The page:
Humanizing Divinity: Astrology, Adaptability, and the Outer Planets
Astrology is an ancient art. Once considered a science of the natural world it was used to predict weather, navigate time and space, and understand the will of the divine. Over time it’s grown to incorporate the rise of individualism, depth psychology, and pop culture. In a world of rapidly-evolving facts and an ever-growing catalog of sciences, how do we reconcile old ways with the new?
One of the most common concerns I hear about astrological relevance focusses on the incorporation of modern planets. Ancient astrologers used nine traditional planets — including two luminaries — to govern the twelve zodiac signs and make predictions. We’ve since added three planets (plus or minus one) to our understanding of the solar system, but what does this mean for astrology as a field? How did astrologers know where to put them or what roles to assign? Does this just prove they were making it up all along?
In order for anything to remain relevant, it must be adaptable. Astrology is a living system with the capacity to evolve with information and demands. Just as the world itself grows and changes daily, our systems of examination must also remain open to amendment.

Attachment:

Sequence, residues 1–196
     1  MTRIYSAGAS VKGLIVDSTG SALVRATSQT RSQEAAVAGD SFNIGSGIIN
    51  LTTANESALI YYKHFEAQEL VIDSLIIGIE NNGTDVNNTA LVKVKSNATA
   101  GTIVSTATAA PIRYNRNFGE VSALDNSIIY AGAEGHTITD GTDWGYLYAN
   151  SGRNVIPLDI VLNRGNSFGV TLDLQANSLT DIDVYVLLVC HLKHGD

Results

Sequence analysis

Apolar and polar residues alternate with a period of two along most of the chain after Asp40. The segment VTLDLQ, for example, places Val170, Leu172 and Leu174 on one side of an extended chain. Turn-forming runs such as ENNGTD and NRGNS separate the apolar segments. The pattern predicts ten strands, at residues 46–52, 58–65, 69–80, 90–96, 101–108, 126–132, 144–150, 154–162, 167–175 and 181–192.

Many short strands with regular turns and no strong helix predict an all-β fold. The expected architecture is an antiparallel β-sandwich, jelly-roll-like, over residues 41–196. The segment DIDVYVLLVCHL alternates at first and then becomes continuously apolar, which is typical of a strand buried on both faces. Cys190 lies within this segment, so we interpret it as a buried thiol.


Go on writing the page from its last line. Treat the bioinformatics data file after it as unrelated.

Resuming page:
Before the 20th Century, astrologers assigned each planet two signs with the exception of the Luminaries.
The Moon ruled Cancer.
Mercury ruled Gemini and Virgo.
Venus ruled Taurus and Libra.
The Sun ruled Leo.
Mars ruled Aries and Scorpio.
Jupiter ruled Sagittarius and Pisces.
Saturn ruled Capricorn and Aquarius.
This allowed for a certain amount of natural resonance. There was a natural spectrum of expression giving each Wandering Star two faces. Mercury emphasized eloquence and craftsmanship in Virgo while elevating swiftness in Gemini. Mars instilled ferocity in Aries and turned Scorpio into a tactician. It also coloured each sign with the qualities of its ruler — Jupiter enhanced Pisces’ boundlessness while Saturn brought a sense of…